Cross-display attention switching in mobile interaction with large displays
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Mobile devices equipped with features (e.g., camera, network connectivity and media player) are increasingly being used for different tasks such as web browsing, document reading and photography. While the portability of mobile devices makes them desirable for pervasive access to information, their small screen real-estate often imposes restrictions on the amount of information that can be displayed and manipulated on them. On the other hand, large displays have become commonplace in many outdoor as well as indoor environments. While they provide an efficient way of presenting and disseminating information, they provide little support for digital interactivity or physical accessibility. Researchers argue that mobile phones provide an efficient and portable way of interacting with large displays, and the latter can overcome the limitations of the small screens of mobile devices by providing a larger presentation and interaction space. However, distributing user interface (UI) elements across a mobile device and a large display can cause switching of visual attention and that may affect task performance. This thesis specifically explores how the switching of visual attention across a handheld mobile device and a vertical large display can affect a single user's task performance during mobile interaction with large displays. It introduces a taxonomy based on the factors associated with the visual arrangement of Multi Display User Interfaces (MDUIs) that can influence visual attention switching during interaction with MDUIs. It presents an empirical analysis of the effects of different distributions of input and output across mobile and large displays on the user's task performance, subjective workload and preference in the multiple-widget selection task, and in visual search tasks with maps, texts and photos. Experimental results show that the selection of multiple widgets replicated on the mobile device as well as on the large display, versus those shown only on the large display, is faster despite the cost of initial attention switching in the former. On the other hand, a hybrid UI configuration where the visual output is distributed across the mobile and large displays is the worst, or equivalent to the worst, configuration in all the visual search tasks. A mobile device-controlled large display configuration performs best in the map search task and equal to best (i.e., tied with a mobile-only configuration) in text- and photo-search tasks.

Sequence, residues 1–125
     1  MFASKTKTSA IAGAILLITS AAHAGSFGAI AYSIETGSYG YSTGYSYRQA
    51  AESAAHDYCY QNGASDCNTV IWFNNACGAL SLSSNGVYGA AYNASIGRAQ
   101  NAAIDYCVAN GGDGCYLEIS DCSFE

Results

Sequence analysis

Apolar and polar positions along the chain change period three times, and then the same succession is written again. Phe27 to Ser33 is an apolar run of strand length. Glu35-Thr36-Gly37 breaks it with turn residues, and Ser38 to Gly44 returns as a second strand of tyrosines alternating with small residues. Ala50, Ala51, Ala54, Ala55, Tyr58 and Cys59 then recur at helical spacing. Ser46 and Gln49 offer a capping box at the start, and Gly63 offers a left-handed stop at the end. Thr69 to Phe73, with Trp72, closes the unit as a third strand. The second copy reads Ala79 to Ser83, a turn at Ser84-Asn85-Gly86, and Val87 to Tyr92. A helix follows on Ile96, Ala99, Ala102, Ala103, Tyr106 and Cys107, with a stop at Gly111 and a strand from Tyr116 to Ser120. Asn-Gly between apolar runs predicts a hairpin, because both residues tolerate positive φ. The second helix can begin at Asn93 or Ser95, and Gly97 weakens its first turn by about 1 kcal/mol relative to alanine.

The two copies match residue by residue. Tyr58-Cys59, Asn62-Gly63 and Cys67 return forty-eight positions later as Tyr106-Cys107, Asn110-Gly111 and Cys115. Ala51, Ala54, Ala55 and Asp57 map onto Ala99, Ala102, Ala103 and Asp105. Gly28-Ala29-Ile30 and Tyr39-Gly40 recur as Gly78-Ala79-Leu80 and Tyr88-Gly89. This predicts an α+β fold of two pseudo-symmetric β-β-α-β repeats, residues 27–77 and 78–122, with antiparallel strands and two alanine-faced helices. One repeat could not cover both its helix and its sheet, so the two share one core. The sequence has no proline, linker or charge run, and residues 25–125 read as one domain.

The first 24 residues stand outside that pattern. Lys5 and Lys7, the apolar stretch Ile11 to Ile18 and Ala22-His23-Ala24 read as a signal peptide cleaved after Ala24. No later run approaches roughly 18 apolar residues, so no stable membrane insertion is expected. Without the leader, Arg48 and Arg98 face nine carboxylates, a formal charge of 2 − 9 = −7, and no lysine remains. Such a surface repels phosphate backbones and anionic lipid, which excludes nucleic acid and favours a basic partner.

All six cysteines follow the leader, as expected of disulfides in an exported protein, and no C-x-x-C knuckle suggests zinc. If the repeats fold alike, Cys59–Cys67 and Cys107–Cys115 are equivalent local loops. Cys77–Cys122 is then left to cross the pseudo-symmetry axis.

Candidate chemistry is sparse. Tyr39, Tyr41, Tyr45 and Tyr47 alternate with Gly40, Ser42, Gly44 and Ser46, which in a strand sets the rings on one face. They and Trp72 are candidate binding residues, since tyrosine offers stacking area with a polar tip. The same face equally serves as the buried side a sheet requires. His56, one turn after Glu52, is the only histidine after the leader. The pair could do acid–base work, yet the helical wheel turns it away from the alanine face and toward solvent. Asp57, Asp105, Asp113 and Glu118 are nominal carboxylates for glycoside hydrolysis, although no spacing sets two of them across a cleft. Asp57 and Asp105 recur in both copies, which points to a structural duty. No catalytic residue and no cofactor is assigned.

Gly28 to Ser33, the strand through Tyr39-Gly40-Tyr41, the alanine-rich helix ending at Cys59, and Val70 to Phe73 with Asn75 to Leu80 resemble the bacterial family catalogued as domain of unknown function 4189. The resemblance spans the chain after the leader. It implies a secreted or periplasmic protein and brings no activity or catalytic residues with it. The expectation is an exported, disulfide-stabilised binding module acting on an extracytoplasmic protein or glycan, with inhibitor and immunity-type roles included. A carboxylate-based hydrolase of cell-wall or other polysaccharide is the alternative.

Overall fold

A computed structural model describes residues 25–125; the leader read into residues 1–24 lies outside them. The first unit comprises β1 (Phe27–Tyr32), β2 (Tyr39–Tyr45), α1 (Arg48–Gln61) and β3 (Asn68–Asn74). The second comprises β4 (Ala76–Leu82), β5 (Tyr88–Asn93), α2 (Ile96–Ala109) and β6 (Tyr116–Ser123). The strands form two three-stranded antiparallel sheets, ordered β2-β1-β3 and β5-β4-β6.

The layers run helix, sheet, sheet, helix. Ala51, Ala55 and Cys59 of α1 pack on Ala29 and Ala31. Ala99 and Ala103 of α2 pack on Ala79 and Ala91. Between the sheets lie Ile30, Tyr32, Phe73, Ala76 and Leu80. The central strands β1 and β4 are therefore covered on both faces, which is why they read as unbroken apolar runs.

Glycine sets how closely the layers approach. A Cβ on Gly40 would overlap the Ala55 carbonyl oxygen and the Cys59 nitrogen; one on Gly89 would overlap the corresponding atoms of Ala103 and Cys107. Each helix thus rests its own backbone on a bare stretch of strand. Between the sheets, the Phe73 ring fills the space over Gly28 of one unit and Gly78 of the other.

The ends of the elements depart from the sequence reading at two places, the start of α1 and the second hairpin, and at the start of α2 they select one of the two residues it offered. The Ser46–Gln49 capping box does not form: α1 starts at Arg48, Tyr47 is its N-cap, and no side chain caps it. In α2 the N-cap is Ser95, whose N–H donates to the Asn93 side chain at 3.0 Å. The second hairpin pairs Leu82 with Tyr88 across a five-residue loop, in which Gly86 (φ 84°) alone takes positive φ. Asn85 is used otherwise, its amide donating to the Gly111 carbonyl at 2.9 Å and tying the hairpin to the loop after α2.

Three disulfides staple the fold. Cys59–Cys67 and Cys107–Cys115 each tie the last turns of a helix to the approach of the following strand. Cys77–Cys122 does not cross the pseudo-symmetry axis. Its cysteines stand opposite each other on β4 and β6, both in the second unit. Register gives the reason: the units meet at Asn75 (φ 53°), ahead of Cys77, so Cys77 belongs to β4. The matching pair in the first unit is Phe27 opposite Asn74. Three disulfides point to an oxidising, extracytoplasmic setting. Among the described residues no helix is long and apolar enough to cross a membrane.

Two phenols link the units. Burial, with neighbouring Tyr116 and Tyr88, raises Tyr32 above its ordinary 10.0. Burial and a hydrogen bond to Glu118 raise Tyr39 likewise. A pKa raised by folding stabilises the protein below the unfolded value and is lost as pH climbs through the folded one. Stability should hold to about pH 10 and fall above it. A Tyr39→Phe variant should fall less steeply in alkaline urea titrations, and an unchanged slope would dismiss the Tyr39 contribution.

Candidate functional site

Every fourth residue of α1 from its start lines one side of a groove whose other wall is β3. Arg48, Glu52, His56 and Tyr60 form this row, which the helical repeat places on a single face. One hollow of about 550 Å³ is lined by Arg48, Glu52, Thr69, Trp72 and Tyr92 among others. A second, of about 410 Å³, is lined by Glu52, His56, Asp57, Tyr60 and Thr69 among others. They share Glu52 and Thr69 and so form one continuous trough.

Thesis, PhD Doctor of Philosophy
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